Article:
Rafał Jaroszewicz

Create honeypot against spam bots in Rails

Funny captcha presenting winter forest with task to select all finnish snipers.
I was trying to implement something that is less annoying than google recaptcha. Everyone knows that it’s quite exhausting for some users. Also I would like to reduce the amount of requests made to google with all gtags, analytics, ads etc. are already slowing the whole internet down.
I found this very old article on how to stop those simpliest bots(in the app I am working on most of the spam came from these basic crawler/spammer types) using a honeypot technique.
Basically whole idea behind honeypot is that you can add some fields to the form that are not visible to the user, but if those simple bots scraping your website will see them, they would probably fill them out.
This article inspired me to try it with a little twist, and here’s how it went.
Of course this will be of no use against real human spammers. So you should probably also invest in Akismet.

Let’s add some of these strategies mentioned in the article into the controller that is responsible for creating Posts.

# clarify time will make more sense later on. I am using regular names like status and street_name for my trap fields, they will be invisible to the user anyway, but bots might have a list of fields to fill out.
Notice how I send status: :ok when the alert is shown(means it got caught either by timer or by filling the field that should be empty). So for normal human being nothing will really change, but bot will see response 200 OK meaning that he was successful in his posting and will move on.
You should also consider adding blocking IP’s after certain amount of tries within short period of time. I have noticed that these bots usually send hundreds of requests/sec, so these should be relatively easy to catch.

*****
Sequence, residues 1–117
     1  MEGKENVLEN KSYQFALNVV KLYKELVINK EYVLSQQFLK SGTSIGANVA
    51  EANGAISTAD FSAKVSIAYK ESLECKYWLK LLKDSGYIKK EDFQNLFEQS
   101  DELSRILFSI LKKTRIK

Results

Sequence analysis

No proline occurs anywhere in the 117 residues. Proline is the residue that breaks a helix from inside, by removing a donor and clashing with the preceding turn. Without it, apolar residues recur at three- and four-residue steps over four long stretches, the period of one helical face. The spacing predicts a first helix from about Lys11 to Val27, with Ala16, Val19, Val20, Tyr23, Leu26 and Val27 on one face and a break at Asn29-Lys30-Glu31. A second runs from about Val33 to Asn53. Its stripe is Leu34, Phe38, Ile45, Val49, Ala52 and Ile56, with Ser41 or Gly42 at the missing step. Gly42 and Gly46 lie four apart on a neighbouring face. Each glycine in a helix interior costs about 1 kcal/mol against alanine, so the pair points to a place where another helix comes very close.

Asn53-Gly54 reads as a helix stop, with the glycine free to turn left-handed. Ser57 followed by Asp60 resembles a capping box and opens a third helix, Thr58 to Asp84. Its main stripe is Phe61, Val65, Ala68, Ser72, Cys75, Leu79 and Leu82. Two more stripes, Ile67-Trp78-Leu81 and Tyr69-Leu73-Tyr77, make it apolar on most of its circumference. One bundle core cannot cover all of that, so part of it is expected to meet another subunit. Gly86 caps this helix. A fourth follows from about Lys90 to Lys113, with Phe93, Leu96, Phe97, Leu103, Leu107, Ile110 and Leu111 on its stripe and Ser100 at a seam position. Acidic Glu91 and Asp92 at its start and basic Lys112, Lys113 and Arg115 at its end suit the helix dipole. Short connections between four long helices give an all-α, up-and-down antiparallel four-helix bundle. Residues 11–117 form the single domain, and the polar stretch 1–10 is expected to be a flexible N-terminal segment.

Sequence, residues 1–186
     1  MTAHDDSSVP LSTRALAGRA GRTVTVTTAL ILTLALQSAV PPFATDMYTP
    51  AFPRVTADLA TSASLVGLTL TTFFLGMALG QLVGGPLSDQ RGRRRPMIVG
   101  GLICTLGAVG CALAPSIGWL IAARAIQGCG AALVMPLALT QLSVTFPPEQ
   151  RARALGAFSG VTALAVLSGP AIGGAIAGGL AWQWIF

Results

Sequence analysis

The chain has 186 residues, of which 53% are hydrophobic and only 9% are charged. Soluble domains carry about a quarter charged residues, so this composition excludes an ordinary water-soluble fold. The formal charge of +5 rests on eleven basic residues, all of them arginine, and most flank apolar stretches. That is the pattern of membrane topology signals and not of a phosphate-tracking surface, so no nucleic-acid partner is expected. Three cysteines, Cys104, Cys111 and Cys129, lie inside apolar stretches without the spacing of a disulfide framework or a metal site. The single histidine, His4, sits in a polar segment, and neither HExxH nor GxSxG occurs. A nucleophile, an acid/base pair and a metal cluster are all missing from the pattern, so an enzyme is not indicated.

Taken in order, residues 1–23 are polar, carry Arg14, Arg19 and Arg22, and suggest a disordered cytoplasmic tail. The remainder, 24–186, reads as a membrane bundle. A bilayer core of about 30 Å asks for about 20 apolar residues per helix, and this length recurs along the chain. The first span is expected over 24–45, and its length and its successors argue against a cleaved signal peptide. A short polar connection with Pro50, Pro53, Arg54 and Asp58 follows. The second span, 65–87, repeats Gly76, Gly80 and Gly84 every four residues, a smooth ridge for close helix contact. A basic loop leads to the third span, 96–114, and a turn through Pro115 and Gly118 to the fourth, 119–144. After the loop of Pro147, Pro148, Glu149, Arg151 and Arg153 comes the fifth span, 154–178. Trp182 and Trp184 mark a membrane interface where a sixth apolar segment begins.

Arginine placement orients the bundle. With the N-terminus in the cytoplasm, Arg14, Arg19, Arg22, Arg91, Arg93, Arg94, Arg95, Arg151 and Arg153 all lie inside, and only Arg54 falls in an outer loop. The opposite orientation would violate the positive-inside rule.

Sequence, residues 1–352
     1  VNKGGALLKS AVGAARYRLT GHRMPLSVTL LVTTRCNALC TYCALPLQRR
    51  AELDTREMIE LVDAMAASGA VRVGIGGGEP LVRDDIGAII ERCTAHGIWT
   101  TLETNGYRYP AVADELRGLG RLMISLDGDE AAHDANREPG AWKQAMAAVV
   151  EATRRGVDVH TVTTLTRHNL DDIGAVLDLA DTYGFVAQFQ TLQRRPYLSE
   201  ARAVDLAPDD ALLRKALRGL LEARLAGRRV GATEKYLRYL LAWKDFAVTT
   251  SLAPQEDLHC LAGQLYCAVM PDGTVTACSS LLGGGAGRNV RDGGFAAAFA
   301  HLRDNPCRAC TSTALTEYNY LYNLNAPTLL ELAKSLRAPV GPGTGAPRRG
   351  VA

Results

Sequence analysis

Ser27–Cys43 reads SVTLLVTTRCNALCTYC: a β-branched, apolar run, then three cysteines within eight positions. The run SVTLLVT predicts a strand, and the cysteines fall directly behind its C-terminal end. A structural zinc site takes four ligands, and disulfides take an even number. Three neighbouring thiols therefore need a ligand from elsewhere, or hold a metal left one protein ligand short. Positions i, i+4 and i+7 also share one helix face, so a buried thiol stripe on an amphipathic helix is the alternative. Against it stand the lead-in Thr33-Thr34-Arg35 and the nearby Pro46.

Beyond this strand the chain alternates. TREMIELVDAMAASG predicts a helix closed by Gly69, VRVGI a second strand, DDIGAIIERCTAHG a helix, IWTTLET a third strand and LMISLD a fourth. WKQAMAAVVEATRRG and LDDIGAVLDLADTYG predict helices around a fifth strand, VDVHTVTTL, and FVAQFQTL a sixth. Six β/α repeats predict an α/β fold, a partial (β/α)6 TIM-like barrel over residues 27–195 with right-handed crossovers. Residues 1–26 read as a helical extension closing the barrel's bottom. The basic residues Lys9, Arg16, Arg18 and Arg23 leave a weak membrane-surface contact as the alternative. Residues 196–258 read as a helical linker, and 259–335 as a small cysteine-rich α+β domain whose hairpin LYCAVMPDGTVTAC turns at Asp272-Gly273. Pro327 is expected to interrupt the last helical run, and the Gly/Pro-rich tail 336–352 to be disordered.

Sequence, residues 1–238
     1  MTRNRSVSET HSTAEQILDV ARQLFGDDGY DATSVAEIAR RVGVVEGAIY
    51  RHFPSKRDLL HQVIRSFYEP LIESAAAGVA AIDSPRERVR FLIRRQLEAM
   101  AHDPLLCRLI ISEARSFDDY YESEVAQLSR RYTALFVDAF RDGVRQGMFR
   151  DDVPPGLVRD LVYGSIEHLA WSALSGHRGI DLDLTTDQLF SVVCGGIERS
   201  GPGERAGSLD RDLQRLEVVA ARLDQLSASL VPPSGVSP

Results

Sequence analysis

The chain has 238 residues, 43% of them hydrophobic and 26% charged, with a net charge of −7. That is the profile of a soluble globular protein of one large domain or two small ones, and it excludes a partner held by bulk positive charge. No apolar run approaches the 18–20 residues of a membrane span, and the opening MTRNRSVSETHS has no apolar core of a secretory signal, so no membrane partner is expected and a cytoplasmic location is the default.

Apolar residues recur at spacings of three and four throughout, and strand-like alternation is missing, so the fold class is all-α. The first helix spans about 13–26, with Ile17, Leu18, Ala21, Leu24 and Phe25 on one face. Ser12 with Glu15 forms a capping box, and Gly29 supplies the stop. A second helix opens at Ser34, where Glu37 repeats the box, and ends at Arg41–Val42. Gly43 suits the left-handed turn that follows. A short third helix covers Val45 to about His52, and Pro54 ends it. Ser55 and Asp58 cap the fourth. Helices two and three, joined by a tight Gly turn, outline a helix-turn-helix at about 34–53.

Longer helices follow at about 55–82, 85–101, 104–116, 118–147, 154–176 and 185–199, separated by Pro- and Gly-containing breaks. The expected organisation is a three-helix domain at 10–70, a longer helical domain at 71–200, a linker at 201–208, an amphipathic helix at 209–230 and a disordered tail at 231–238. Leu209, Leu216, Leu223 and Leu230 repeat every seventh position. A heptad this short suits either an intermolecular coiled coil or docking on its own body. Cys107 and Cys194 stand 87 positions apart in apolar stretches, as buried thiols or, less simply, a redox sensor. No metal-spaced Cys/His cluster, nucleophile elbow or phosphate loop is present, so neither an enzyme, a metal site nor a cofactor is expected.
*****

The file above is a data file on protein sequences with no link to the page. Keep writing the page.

You can easily test it as well.

Now, let’s create a partial that will be used in our views for rendering this honeypot using <%= render 'posts/honeypot' %> later on.

#general-ackbar { display: none;} will hide out our div, but I am still using css_strategy to change it as I assume some bots might read css and just ignore some of the fields if they’re for example hidden. These are just some ways to obfuscate your fields.
Now, I also obfuscate the time so I can check it once it gets back to the server. In the previous gist you saw that timer is set to 5 seconds.
This can be just changed to any number, just try to fill out your form as fast as you can and then add this time as a value under which you will display the alert.

To summarize, this method will not protect against any advanced bots and human spammers, but it might help you fight those basic robots.
You might also want to add blocking IP’s that are sending too many requests and other anti-spam tools.

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